New hybrid machine learning predicts lake ecosystem responses to climate change

In the mid-20th century, phosphorus inputs from detergents and fertilizers degraded the water quality of Lake Geneva in Switzerland, prompting authorities to take action to address the pollution in the 1970s.

“The obvious remedy was to reverse the phosphorus load, and that simple idea helped tremendously, but it didn’t return the lake to its previous state, and that’s the problem,” said biological oceanographer George Sugihara. at the Scripps Institution at UC San Diego. of Oceanography.

Sugihara, Ethan Deyle of Boston University and three international colleagues spent five years researching a better way to predict and manage Lake Geneva’s ecological response to the threat of phosphorus pollution, to which must now be added the effects of climate change. The team, which includes Damien Bouffard from the Swiss Federal Institute of Aquatic Science and Technology, publishes its new hybrid approach to empirical dynamic modeling (EDM) on June 20 in the journal Proceedings of the National Academy of Sciences.

“Nature is much more interconnected and interdependent than scientists often would like to think,” said Sugihara, McQuown Professor of Natural Sciences at Scripps. EDM can help in this context as a form of supervised machine learning, a way for computers to learn patterns and teach researchers about the mechanisms behind the data.

“You pull a lever and everything else changes, like a mole. Single-factor experiments, the hallmark of 20th-century science where everything is held constant, can teach you a lot in principle, but that’s not how the world works,” he said.

“If this were not the case, if nature behaved more like single-factor experiments and were less connected and interdependent, we would be able to predict outcomes with simple models where relationships do not change.”

Interdependence and changing relationships are the reality of ecosystems and they are also the reality of financial markets where prediction is so difficult, Sugihara noted. EDM was refined in the crucible of financial forecasting from the mid-1990s to the early 2000s, when Sugihara was managing director of Deutsche Bank.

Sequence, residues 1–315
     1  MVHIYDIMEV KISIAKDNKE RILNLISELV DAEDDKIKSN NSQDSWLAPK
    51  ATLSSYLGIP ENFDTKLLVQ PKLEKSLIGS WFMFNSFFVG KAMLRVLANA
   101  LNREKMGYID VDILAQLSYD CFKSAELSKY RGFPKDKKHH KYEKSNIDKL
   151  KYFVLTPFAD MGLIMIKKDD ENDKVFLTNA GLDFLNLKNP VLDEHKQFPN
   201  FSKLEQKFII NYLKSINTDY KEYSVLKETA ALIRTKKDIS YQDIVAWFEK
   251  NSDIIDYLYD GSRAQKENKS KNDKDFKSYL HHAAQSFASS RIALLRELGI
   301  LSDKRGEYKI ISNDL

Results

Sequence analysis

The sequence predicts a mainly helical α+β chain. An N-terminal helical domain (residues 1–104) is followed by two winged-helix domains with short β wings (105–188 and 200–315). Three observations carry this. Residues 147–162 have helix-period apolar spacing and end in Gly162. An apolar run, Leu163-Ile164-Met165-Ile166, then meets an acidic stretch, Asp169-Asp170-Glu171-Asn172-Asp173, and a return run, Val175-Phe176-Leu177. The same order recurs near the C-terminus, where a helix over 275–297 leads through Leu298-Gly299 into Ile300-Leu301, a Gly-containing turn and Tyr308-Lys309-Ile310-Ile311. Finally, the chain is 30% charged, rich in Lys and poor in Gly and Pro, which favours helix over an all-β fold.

Sugihara has drawn on his financial background to design market tools to support sustainable marine fishing over the past 20 years at Scripps. He calls EDM “mathematics without equations”.

But EDM is not a black box method, Deyle said, referring to quantitative methods based on mysterious mathematical or computer formulas. It’s a criticism he says is often leveled at machine learning.

“Instead, it uses the data to tell you in the most direct way, with minimal assumptions, what’s going on. What variables matter? How are relationships changing over time? It has a mechanism and transparency that comes directly from the data.

What Sugihara’s team attempted is a departure from traditional modeling methods used over the past few decades. As Deyle notes, parts of well-established patterns are represented by constants.

“The fixed and constant force of gravity, or the shape and depth of a lake for example. Therefore, the physical processes in the lake can be modeled very well with simple equations,” he said.

This is not the case for the evolution of ecology and biochemistry.

“The organisms responsible for change in an ecosystem like that of Lake Geneva have changed over the past two decades. The food web has changed and is constantly changing, as has the biochemistry of the lake,” Bouffard said.

“Standard tools are ill-suited to such problems,” said Deyle, who earned her doctorate in biological oceanography from Scripps Oceanography with adviser Sugihara in 2015.

“Lake Geneva is one of the best-studied systems in the world. It is no coincidence that this was an opportunity to push the boundaries with a machine learning approach to ecological prediction,” Deyle said.

The authors demonstrate that their hybrid approach leads not only to better prediction, but also to a more actionable description of the processes (such as biogeochemical and ecological) that determine water quality.

Notably, the hybrid model suggests that the impact on water quality of an increase in air temperature of 3 degrees Celsius (5.4 degrees Fahrenheit) would be of the same order as the phosphorus pollution of the century. precedent, and that best management practices may no longer involve a single control lever such as reducing phosphorus inputs alone.

“One of the intellectual cornerstones of all of this is minimalism,” Sugihara said. “Extract insights from data with the fewest assumptions.”

A simple model that predicts target data that has not yet been collected is more convincing than a complex model that can agree with current thinking and can be designed to “fit” the story remarkably well. but does not actually “predict” events yet to be seen. This was the major problem in financial applications, where it’s easy to find things that “match”, but nearly impossible to find anything that “predicts”.

“The more complicated something is, the easier it is to get it wrong,” he said. “Our hybrid approach seems to have a balance that works.”

This research was funded by the US Department of Defense’s Strategic Environmental and Development Program, the National Science Foundation, the Department of the Interior, the McQuown Fund, and the McQuown Chair of Natural Sciences, UC San Diego. Study co-authors include Victor Frossard, University of Savoie Mont Blanc; Robert Schwefel and John Melack, University of California at Santa Barbara.

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